Carley Garner spoke with Dukascopy about the coffee futures markets
1- Supply outlook seems positive, with prices dropping slightly on the back of this, do you expect this downward trend to continue?
In my opinion, most of the selling in the coffee futures markets have probably already occurred, but seasonal tendencies suggest the overall trend will remain sideways to lower through late summer. That said, anybody attempting to speculate on the short side of coffee should respect the fact that the Arabica futures traded on the ICE exchange in New York currently have the largest speculative short position seen in over a year. Thus, even if the trend remains bearish there is potential for large short-covering bounces.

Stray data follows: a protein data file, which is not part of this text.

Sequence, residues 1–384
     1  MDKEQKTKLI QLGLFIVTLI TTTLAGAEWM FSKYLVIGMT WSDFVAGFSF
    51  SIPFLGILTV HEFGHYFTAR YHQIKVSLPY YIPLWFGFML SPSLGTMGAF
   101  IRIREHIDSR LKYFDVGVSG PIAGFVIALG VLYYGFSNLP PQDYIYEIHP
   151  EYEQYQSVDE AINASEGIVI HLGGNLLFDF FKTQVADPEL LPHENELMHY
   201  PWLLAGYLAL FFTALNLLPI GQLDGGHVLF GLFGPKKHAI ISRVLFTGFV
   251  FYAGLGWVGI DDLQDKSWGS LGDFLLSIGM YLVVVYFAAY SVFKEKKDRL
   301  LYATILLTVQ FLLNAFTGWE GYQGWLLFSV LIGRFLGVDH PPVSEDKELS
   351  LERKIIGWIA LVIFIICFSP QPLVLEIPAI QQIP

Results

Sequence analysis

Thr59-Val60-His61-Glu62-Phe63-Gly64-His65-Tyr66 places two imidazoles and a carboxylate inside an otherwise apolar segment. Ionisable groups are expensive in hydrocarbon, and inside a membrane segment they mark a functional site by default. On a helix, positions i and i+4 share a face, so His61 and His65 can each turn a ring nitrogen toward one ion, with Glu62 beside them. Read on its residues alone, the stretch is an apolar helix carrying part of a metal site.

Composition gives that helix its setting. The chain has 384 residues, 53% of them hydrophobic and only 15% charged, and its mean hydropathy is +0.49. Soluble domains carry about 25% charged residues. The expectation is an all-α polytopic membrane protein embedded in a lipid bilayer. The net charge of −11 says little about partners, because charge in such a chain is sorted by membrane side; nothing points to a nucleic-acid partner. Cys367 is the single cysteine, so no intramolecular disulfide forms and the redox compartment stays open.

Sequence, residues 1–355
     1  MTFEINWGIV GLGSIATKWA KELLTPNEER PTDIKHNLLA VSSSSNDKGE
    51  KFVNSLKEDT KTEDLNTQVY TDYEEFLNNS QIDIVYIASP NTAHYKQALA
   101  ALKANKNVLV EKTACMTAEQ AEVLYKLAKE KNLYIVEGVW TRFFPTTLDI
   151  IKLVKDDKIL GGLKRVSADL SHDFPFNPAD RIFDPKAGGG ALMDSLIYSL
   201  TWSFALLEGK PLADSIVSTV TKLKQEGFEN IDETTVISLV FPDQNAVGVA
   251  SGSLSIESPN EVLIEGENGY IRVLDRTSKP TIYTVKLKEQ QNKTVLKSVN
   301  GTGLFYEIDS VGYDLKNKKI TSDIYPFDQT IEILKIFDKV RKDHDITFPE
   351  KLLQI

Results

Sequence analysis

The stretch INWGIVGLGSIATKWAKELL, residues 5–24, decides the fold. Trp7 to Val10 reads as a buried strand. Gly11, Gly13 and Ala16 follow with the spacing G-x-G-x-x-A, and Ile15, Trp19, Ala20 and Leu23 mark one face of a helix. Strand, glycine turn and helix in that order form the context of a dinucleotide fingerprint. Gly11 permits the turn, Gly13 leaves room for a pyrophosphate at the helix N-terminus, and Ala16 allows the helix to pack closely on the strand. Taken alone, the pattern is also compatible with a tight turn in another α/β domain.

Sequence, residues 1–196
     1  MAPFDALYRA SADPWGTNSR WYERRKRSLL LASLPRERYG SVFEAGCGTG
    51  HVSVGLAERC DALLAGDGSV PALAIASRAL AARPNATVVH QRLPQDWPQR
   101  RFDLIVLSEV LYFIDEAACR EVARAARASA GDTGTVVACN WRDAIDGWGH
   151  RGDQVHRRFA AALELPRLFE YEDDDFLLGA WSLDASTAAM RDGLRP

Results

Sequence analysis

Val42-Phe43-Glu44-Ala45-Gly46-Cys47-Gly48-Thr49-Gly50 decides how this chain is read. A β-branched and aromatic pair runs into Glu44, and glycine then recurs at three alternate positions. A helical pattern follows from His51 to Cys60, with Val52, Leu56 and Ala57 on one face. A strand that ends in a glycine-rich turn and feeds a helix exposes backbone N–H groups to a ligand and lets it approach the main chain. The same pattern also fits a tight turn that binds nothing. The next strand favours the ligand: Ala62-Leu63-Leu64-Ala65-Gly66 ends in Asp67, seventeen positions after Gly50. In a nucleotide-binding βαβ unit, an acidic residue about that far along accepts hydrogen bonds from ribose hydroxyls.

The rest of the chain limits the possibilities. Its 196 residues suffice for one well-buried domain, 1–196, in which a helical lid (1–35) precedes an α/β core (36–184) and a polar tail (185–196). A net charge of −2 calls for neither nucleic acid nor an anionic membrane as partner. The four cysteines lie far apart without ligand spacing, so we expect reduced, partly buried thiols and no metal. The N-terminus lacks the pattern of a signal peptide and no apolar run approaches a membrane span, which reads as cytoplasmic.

2- What looks set to have the biggest effect on the market going forward?
Now that the Brazilian harvest is underway and the crop yield is relatively predictable, the market will likely turn to the currency markets for guidance. For instance, the Brazilian currency took a large spill on news of massive political protests taking place across the country along with other unflattering political news around the globe. Coffee prices sold off sharply in sympathy to the currency move. In the overall scheme of things, the Brazilian currency is still rather high leaving plenty of room for the currency to retreat. If so, this should keep coffee prices capped.
3- Overall, are you positive about the market in it's current state?
Coffee prices are obviously in a slump. I think that at some point much later in the summer, the coffee futures market will find proper footing to provide attractive opportunities for the bulls. However, in the short-run, I’m not convinced any rallies will be sustainable.